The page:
The largest and most glamorous fritillary is called the Great Spangled Fritillary, a very beautiful butterfly, almost as large as a Monarch. Great Spangle Fritillaries are creatures of warm, sun-lit spaces and they don’t seem willing to venture into the shade to find violets. They are so well adapted to dry, sunny environment that they have the ability to discern violets, even if the violet foliage has shrivelled in a dry summer and all that remains are the roots below ground. The mama butterfly will lay her eggs on the ground, in anticipation of the violet’s leaves emerging with damper fall weather.
Great Spangled Fritillaries are quite common at Beaux Arbres, probably because we have so many Hooked-spur Violets growing, not just in the rock garden but abundantly on the dry hills behind the barn.
If you are interested in providing host plants for butterflies, be sure to include some of the lovely little sun-loving violets in your garden plans.

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A Great Spangled Fritillary nectaring on Swamp Milkweed in garden at Beaux Arbres. The caterpillars of this butterfly feed on violets.

2017: A Year in Native Plant Gardening

It was wet. We expect the swale garden and the lawn below it to be wet in April and well into May, from snow melt running down from the hills which surround us. This year it was continuously and unrelentingly wet until late July. The swale was continuously full of water, which would be lovely if that is what we had planned, or if that is what we could count on. Some of our wildflowers, selected to be able to cope with a few weeks of standing water in the spring, drowned when subjected to several months of standing water. Even the rock garden (featured photo), planned as a summer-dry garden, was under water for several hours after some of the heaviest downpours.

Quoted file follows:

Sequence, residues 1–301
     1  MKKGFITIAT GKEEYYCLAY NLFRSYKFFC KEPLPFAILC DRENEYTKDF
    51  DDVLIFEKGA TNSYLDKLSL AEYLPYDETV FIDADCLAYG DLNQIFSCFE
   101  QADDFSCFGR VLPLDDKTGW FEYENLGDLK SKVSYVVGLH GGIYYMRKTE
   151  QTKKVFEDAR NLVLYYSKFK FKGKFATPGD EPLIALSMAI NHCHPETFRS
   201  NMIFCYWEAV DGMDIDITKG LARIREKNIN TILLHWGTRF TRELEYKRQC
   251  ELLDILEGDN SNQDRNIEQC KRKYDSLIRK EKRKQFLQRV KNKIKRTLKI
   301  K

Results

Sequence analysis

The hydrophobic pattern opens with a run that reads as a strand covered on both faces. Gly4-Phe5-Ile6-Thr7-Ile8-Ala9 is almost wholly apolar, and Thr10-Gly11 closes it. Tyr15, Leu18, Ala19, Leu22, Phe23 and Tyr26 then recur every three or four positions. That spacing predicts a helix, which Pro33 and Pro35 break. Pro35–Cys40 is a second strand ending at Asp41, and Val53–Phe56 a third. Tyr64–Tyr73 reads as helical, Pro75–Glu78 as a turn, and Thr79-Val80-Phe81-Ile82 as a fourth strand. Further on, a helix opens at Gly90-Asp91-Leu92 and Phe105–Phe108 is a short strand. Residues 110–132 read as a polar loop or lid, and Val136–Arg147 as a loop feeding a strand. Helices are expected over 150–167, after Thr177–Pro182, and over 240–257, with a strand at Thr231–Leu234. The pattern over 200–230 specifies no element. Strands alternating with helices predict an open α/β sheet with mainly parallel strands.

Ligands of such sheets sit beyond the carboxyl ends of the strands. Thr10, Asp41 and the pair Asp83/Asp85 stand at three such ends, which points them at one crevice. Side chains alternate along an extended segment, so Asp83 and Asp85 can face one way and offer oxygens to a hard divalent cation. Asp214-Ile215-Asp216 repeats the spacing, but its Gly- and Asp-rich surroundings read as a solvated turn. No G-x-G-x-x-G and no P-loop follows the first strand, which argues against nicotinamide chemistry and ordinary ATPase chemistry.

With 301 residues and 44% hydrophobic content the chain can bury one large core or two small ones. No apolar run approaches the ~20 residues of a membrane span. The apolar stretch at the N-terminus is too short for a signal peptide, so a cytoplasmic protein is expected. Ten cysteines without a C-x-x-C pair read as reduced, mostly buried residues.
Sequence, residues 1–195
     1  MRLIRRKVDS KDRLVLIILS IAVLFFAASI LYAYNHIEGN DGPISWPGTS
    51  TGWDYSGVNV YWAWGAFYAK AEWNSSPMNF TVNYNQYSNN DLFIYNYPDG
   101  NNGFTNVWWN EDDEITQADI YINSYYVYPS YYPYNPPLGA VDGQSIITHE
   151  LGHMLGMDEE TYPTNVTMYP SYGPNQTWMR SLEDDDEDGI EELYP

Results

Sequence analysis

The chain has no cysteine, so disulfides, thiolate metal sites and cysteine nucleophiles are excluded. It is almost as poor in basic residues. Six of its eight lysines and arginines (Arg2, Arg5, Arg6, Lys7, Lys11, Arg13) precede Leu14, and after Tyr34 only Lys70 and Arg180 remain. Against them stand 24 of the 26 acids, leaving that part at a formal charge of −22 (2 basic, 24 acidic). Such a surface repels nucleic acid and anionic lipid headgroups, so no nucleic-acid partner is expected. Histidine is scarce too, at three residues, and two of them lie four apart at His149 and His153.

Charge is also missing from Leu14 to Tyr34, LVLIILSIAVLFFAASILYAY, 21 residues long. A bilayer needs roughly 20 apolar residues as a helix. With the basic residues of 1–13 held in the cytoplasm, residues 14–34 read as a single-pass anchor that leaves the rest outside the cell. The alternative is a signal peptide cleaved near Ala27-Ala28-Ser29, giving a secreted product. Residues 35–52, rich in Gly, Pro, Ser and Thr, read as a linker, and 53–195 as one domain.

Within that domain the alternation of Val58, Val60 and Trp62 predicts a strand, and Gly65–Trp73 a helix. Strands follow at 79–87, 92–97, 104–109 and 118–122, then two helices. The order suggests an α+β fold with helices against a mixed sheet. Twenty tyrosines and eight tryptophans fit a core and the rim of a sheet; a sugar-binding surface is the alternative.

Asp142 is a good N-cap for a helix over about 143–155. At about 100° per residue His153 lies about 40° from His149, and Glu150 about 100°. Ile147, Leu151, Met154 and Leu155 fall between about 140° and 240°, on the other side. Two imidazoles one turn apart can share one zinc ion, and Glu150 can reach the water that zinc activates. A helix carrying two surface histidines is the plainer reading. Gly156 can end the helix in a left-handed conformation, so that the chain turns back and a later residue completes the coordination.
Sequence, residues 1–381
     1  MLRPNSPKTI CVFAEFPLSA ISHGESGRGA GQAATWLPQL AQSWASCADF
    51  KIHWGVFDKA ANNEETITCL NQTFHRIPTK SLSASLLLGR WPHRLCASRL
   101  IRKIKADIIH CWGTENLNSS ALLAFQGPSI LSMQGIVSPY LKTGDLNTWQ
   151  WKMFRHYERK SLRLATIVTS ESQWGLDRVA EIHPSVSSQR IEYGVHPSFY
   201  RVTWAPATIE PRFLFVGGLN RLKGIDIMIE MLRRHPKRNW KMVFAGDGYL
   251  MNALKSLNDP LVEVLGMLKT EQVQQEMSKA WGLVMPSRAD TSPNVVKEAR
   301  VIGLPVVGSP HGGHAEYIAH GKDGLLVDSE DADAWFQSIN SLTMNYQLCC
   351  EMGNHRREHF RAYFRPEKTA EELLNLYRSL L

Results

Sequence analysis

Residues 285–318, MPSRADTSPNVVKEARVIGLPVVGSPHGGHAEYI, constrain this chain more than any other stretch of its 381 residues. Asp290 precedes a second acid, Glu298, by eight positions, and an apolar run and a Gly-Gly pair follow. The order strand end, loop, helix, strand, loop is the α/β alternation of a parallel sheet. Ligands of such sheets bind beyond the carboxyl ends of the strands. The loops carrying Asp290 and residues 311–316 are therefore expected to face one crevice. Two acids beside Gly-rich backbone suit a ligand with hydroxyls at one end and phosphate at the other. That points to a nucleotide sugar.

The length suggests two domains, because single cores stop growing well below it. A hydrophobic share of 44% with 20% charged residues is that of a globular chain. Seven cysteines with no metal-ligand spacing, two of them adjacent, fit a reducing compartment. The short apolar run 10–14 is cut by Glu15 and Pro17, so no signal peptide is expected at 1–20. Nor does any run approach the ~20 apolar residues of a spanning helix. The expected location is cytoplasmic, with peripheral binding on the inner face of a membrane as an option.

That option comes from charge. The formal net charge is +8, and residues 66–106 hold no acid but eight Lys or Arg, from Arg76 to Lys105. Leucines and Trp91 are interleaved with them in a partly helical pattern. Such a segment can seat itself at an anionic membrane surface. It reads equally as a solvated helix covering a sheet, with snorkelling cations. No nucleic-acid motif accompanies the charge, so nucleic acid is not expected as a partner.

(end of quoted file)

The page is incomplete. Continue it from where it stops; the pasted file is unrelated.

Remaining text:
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We had hoped to burn part of our tall-grass prairie bank in early spring but it was too continuously rainy. Even without the benefits of a spring burn, the bank was showing a nice amount of colour by the beginning of August, in time for the Pontiac Gardens and Gifts Tour.

Some of the swale plants flourished:

 

With all the rain, the tall yellow daisies of late summer were HUGE.

My proudest moment was when the seed-grown Wood Lilies in the rock garden flowered for the first time. They were grown from seed collected in Bristol Township.

Lilium

New endeavour: hypertufa troughs to show off tiny alvar and arctic gems.

Hypertufa

Early Saxifrage, Dwarf Hairy Beardtongue and other small Penstemons in a newly planted hypertufa trough.

I have started propagating some fen and alvar species such as this lovely Grass-of-Parnassus. Their seedlings are tiny – it may be a few seasons before i can offer them for sale.

Parnassus

New in the nursery for 2018: forest floor plants, started from cuttings. I know city gardeners want more native options for shade.

Gaultheria

Wintergreen.

Other new species:

Liatris aspera

Rough Blazing Star (Liatris aspera)